The Elephant Fayre

Peregrine St Germans evokes a colourful bygone era of festivals at Port Eliot…and a unique spirit that lives on.

“The Elephant Fayre started in 1981 and was cobbled together by some enthusiastic amateurs. We had very little experience but a firm idea that our festival was not going to be another rock show. We hoped to integrate all the performing arts theatre dance comedy poetry music yes and even juggling. We got the festival going to the extent that on our last one we had 25–30,000 punters.

Sadly it was brought to its knees six years later by an unruly mob, high on alcohol, methadone and amphetamines, and hell bent on meaningless chaotic violence. They called themselves the Peace Convoy. Apart from all that, the Elephant Fayre is a much-cherished memory for many of just how good a festival could be.

When the Fayre began, no one had heard of Health and Safety, so we had no restrictions on what we did or how and where we did it, other than working within the rules of ordinary common sense. WE BUILT A RICKETY PIER INTO THE MIDDLE OF THE WIDE RIVER WITH A WOBBLY CAFÉ AT THE END; NOBODY FELL IN, AND NOTHING COLLAPSED.

The water supply came from the same source as that used by the monks in medieval times and still used in the house to this day. It is clear as gin and twice as efficacious. An elephant was built which stood 55 foot high from the top of the howdah to the ground. In the middle of this creature was a café run by children for children. No adults allowed. No children fell off. The lavatories were a simplified version of the dreaded ‘long drop’ loos.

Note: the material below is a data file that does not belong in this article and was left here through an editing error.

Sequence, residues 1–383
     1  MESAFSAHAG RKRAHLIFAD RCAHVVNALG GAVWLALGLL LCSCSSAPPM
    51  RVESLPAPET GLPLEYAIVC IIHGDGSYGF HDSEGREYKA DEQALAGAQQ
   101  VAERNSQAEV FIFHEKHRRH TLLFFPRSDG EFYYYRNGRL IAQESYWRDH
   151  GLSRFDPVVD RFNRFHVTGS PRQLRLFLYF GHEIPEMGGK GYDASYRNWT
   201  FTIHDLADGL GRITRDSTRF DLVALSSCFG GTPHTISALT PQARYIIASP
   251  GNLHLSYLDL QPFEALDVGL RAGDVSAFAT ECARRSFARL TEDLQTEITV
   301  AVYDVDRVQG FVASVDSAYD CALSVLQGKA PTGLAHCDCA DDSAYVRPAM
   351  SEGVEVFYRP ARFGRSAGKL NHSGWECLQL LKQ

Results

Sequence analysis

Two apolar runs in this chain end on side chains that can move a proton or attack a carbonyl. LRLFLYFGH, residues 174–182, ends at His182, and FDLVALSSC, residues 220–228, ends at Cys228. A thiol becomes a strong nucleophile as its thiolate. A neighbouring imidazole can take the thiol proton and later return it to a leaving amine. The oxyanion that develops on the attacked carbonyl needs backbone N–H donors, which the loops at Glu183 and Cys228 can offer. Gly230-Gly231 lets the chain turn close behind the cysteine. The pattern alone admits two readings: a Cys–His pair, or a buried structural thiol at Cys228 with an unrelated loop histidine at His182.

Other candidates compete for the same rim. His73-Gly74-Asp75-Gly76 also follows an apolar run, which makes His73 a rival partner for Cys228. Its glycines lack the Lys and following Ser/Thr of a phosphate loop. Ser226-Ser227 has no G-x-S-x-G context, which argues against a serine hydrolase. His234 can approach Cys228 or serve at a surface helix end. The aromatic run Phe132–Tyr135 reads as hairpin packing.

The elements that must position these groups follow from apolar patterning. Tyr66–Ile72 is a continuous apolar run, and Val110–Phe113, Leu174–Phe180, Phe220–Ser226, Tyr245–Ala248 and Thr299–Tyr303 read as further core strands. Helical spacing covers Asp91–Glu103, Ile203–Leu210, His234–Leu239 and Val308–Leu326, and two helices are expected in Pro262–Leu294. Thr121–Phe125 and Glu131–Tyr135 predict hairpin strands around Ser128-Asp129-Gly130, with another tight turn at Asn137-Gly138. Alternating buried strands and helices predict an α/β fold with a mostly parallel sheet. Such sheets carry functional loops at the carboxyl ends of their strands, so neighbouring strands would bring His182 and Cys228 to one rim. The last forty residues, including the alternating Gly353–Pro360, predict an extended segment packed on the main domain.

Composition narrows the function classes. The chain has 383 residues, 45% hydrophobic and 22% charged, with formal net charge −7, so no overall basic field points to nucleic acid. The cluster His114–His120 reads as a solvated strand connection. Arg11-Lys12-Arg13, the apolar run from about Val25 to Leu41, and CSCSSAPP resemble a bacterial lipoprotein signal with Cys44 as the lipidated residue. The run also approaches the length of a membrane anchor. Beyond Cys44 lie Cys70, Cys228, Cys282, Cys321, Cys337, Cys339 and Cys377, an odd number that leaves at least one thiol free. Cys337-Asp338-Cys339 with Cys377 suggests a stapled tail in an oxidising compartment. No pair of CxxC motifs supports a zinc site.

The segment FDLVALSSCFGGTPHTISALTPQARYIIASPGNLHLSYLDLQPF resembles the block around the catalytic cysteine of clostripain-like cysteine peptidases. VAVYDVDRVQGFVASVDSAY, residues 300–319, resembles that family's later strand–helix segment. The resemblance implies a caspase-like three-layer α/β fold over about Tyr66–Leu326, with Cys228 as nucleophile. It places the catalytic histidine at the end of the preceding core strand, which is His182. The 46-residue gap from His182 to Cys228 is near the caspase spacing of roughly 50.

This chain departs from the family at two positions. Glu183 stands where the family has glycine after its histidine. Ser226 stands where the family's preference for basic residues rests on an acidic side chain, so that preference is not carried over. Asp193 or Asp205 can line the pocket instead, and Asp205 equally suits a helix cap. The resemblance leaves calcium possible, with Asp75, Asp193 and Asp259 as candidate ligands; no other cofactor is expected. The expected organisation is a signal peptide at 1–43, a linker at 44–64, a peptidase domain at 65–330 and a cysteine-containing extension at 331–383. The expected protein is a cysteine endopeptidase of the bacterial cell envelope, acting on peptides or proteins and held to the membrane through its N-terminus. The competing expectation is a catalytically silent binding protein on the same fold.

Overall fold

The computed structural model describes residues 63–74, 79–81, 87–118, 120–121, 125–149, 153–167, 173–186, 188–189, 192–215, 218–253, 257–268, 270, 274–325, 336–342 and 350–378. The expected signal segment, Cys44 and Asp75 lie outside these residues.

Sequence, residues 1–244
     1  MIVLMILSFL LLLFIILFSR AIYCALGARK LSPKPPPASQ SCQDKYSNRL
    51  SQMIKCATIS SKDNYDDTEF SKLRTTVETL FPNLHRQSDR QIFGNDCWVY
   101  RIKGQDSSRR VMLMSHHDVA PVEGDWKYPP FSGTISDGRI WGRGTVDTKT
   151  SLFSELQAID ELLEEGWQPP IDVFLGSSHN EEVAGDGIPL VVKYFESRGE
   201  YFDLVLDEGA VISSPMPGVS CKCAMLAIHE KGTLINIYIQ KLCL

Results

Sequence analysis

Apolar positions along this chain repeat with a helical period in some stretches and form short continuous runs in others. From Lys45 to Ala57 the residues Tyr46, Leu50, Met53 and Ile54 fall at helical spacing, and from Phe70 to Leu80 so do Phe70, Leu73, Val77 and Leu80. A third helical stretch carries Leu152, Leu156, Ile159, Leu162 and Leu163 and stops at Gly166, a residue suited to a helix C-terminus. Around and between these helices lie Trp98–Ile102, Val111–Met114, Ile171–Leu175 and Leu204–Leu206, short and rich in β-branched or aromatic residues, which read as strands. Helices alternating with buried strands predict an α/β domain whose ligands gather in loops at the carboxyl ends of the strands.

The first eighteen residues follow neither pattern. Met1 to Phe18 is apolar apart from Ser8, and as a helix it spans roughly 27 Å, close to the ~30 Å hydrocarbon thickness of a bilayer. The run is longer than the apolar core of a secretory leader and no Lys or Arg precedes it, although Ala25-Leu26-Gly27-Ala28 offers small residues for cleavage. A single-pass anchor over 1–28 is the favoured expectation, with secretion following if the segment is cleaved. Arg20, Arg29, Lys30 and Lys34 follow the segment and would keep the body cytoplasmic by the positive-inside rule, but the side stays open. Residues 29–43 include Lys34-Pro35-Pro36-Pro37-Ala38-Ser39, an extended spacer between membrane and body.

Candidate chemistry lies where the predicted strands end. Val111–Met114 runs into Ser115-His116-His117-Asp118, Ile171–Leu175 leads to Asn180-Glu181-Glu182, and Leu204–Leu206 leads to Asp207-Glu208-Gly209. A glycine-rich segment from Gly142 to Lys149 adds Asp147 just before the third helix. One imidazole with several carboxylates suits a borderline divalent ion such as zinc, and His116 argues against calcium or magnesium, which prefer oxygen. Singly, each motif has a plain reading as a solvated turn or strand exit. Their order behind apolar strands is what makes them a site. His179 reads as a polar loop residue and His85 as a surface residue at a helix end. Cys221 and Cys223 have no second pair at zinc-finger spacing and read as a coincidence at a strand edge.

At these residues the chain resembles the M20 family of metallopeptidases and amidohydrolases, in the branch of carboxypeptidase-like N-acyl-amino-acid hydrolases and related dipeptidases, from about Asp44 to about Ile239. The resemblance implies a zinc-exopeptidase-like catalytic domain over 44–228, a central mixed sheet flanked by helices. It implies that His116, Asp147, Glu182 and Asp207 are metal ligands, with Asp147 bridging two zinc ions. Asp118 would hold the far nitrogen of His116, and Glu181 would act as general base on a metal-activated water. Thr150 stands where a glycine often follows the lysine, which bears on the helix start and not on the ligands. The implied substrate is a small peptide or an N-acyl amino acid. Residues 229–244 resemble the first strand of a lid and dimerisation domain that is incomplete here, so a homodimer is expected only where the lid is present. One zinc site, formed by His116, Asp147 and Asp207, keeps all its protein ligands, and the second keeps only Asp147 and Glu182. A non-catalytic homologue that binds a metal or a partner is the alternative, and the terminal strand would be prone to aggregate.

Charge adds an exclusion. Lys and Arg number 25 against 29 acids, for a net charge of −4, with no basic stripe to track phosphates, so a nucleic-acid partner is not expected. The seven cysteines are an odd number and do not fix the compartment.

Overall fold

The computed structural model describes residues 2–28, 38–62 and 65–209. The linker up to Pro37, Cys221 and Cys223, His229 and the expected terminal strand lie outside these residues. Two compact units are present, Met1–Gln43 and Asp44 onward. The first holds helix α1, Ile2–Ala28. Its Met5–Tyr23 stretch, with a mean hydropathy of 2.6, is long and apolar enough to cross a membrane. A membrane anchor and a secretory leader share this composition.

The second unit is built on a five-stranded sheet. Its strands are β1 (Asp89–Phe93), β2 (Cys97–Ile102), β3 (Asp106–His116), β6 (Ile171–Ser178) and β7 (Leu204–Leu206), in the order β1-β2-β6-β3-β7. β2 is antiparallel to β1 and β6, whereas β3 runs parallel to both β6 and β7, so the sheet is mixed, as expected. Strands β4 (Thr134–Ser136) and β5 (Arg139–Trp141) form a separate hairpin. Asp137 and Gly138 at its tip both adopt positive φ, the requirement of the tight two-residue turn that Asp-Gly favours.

Some of our performers were close to being unacceptable. For instance, two jugglers called Boris and Norris dressed as medieval serfs and juggled with livers and hearts and live rats. Another troup performed as a cross between samurai warriors and Viking raiders. Their act was one of bloodthirsty (real blood) re-enactments of fantasy battles after which they let children shoot at them with real bows and real arrows. The warriors stood there and flicked away the on coming missiles. No one was killed.
A third dressed as a highly over officious immaculately dressed security guard dog handler. He went about the site-ordering people to put out joints and stop being slovenly. What spoilt him from being taken seriously was that the dog at the end of the lead was dead. Poor taste? Yes. Funny? Hysterical.

None of the above would be tolerated these days by Her Majesty’s forces of Awe and Boredom. The carefree innocent days of the Barcham fairs, early Glastonbury and the Elephant Fayres have passed on. Today punters are looked after to the extent that they might as well be in a site ‘themed’ for a festival. At most festivals there are no risks and fewer adventures to be had on a festival site than in past times. But at Port Eliot, as twilight turns to darkness, you may still feel the menacing frisson of the unknown coming night…”